• Make small quantities initially and don’t try to substitute a tasting for a meal. This will prevent both the child and the parent from finding the experience stressful. Experiment during playtime, rather than mealtimes.
  • Note the child’s initial preferences and repeat rejected foods in a different form/combination after a gap.
  • Talk to your pediatrician and always be prepared for possible allergic reactions.
  • Make the experience comfortable by preparing, in advance, to deal with the potential food mess. Cloth the child in soft old clothes, cover the floor/table with disposable paper towels and stay away from walls/curtains that cannot be cleaned.
  • Avoid trying new foods in the evenings as resources (energy, medical help, etc.) maybe low, making it a lot more difficult to deal with emergencies.
  • Let the baby feel the food with his/her hands. it’s after all a first time experience for him/her.
  • Don’t add salt or sugar to the vegetable. Let the child discover the original taste before we alter it.
  • Don’t try anything new if the child is not feeling well.
  • Most importantly, enjoy the time with your baby.

Have we missed anything here? Is there an experience you would like to share with us?

*Always check with your pediatrician  before you try a new food or routine for your child. The author is not a childcare or medical expert and has only shared her opinion based on her personal experiences.

** There are a lot of books out there that will give you practical tips, as well as, detailed steps on this topic. Alternatively, you can speak to a doctor or nutritionist who specializes in children’s nutrition.

About the Author:

Niranjani is an entrepreneur and blogger who believes that good quality, affordable healthcare should be available to all. She occasionally puffs and pants her way through a 10k race to feel fit, despite her chaotic life.

Photo Credit: Image 1Image 2

Copyright 2014 (c) Primex Scans and Labs. Please do not reproduce this article in its entirety without permission. Alternatively, a link to this URL would be appreciated.

5 Healthy Ideas to Try This Week

Every January all of us make resolutions, many of which center around health and fitness. The problem with these resolutions is, we have the big picture but not the steps to achieve them and so they ultimately fall by the wayside. This year, we at Beaming Health Magazine decided to share a few tips to help you stay on the road to good health and fitness. So, plunge right in and do let us know which ones worked for you.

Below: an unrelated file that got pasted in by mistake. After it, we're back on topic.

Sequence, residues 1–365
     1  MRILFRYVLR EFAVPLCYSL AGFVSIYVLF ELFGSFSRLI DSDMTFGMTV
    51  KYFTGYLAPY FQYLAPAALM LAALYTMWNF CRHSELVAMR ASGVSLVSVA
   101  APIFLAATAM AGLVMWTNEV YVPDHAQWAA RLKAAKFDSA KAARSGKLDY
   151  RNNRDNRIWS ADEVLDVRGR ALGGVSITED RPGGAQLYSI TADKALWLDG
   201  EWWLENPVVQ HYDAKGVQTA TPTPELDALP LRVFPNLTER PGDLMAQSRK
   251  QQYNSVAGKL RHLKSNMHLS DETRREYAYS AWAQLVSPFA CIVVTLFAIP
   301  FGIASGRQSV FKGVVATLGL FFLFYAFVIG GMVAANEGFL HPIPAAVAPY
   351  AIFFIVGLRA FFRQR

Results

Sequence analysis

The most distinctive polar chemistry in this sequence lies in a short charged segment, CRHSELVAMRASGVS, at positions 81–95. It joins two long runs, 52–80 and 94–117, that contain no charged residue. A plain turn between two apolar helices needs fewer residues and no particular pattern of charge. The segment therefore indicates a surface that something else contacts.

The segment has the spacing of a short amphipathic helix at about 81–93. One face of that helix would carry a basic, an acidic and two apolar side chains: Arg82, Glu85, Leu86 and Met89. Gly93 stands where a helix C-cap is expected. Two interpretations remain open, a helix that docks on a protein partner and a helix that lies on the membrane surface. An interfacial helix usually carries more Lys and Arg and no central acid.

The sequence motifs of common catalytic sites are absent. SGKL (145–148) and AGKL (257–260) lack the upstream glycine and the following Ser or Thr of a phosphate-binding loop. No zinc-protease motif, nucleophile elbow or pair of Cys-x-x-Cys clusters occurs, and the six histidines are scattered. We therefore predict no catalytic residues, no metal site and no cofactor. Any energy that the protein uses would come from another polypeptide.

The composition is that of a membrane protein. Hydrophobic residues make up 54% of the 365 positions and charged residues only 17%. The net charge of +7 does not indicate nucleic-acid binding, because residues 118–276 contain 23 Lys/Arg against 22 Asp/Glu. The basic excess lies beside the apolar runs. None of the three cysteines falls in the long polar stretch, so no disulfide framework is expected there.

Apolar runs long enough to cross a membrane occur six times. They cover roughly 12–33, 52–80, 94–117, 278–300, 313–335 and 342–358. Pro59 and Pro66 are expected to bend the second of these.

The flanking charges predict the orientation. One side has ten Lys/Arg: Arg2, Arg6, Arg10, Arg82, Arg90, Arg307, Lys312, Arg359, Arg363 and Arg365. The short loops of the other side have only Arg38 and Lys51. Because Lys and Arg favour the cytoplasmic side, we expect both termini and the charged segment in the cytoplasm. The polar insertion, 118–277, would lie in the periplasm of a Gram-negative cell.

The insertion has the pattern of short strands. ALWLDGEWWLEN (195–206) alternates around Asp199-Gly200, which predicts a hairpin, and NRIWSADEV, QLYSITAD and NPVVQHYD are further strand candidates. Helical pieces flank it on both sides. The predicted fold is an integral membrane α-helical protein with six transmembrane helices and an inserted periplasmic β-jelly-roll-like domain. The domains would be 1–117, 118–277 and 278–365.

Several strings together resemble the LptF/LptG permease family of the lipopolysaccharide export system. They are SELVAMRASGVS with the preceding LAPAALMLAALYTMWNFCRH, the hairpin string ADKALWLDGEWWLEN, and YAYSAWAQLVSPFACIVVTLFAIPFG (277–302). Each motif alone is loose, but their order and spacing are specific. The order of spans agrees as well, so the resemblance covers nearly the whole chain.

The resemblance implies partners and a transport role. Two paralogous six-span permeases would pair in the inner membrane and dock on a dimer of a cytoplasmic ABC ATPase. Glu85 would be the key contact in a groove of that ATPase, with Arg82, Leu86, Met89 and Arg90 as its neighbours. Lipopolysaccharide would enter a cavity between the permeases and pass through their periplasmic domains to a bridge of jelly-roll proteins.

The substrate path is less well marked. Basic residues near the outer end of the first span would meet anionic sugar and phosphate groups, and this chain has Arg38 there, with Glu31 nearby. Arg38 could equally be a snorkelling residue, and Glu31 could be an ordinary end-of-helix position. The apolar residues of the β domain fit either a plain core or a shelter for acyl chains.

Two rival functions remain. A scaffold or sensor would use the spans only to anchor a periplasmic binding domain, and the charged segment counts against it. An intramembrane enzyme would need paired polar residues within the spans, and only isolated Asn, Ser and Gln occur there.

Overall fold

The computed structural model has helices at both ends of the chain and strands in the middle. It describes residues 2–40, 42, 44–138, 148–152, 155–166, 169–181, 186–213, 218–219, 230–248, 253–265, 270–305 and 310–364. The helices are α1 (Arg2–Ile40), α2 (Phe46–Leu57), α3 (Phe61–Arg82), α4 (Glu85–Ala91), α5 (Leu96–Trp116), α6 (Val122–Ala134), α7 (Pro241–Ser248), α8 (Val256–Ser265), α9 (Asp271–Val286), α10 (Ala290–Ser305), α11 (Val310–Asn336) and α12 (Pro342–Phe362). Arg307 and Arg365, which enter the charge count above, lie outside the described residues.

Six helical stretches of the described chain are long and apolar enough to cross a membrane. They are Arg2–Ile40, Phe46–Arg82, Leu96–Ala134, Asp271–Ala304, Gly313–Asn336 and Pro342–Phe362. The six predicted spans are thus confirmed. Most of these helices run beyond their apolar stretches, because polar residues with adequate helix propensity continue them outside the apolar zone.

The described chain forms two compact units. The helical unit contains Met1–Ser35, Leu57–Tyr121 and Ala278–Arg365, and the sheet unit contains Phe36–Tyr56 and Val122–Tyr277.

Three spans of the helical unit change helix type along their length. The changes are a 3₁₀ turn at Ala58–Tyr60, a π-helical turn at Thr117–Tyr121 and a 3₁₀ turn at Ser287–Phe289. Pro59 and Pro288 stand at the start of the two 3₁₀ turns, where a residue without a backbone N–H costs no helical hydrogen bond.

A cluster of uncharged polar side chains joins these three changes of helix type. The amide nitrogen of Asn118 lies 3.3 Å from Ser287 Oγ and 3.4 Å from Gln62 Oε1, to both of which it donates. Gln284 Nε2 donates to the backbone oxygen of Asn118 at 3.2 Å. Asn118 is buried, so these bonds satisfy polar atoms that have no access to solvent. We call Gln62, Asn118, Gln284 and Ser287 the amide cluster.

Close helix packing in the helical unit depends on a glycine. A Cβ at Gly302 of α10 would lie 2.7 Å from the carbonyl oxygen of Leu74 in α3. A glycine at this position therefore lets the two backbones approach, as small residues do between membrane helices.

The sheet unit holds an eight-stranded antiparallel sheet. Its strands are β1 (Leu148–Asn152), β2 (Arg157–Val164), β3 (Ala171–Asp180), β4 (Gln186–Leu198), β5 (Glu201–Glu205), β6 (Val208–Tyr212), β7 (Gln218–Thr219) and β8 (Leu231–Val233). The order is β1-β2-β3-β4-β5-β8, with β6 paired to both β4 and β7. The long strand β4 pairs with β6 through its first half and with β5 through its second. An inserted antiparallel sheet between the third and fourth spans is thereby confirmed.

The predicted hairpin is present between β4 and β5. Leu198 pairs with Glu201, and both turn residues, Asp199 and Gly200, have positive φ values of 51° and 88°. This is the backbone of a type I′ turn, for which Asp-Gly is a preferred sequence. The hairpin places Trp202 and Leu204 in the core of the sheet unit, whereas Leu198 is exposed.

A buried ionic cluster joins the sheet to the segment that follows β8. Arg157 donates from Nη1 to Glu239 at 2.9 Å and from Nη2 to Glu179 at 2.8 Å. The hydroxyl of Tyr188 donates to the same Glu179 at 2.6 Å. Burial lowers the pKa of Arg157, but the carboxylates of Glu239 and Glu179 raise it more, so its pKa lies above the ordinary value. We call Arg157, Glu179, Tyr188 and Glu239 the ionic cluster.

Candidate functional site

• Let the Winter Olympics inspire you to reconnect with a childhood game. Be it hockey, tennis, basketball, swimming or even just running free.
  • Discuss an issue that has been creating undue stress for you with someone you can rely on. Then work on eliminating or at least minimizing the source of that stress 
  • Eat one green meal every week. Be it an exotic one or a simple and delicious homemade one, the focus is on including as much raw plant-based food as possible in that meal
  • Switch off all electronic devices an hour before you go to sleep and read a book instead. This includes all computers, phones and the television
  • Spend five minutes in the morning doing a few, simple stretching or deep breathing exercises before you start your day. The quality of transition time, from sleep to alertness will make a difference to the quality of your day

Make these small changes in your weekly routine and soon you’ll be thanking us.

About the Author:

Niranjani is an entrepreneur and blogger who believes that good quality, affordable healthcare should be available to all. She occasionally puffs and pants her way through a 10k race to feel fit, despite her chaotic life.

Photo Credit: Image 1

Copyright 2014 (c) Primex Scans and Labs. Please do not reproduce this article in its entirety without permission. Alternatively, a link to this URL would be appreciated.

Cycling Nirvana – The Workout Series

Cycling (any ride that lasts over an hour) is on the up globally, as well as in India, and for good reason. More people are aspiring to get into shape for different reasons and cycling is often preferred over other activities, such as running as there is less impact on the body, particularly the back and legs. That being said, cycling can cause it’s share of problems, if the rider has an incorrect posture or if the saddle (seat) is not at the optimum height and angle.

One of the first things to figure out before starting cycling is the kind of equipment you want and this is where a lot of aspiring cyclists doubt their interest levels. Unlike swimming, where one basically needs a good suit, goggles and cap; cycling can drive you to despair with the choices you have to make. In recent years, the availability of cycles has increased dramatically and a good one can set you back quite a bit, so it’s important to make a good choice.

Most cycles are either made of aluminium, alloy metals and at the higher end, carbon fiber. The weight goes down dramatically with a carbon fiber cycle, which potentially increases riding speed. Here are the broad categories of cycles available today, which are mostly terrain dependent: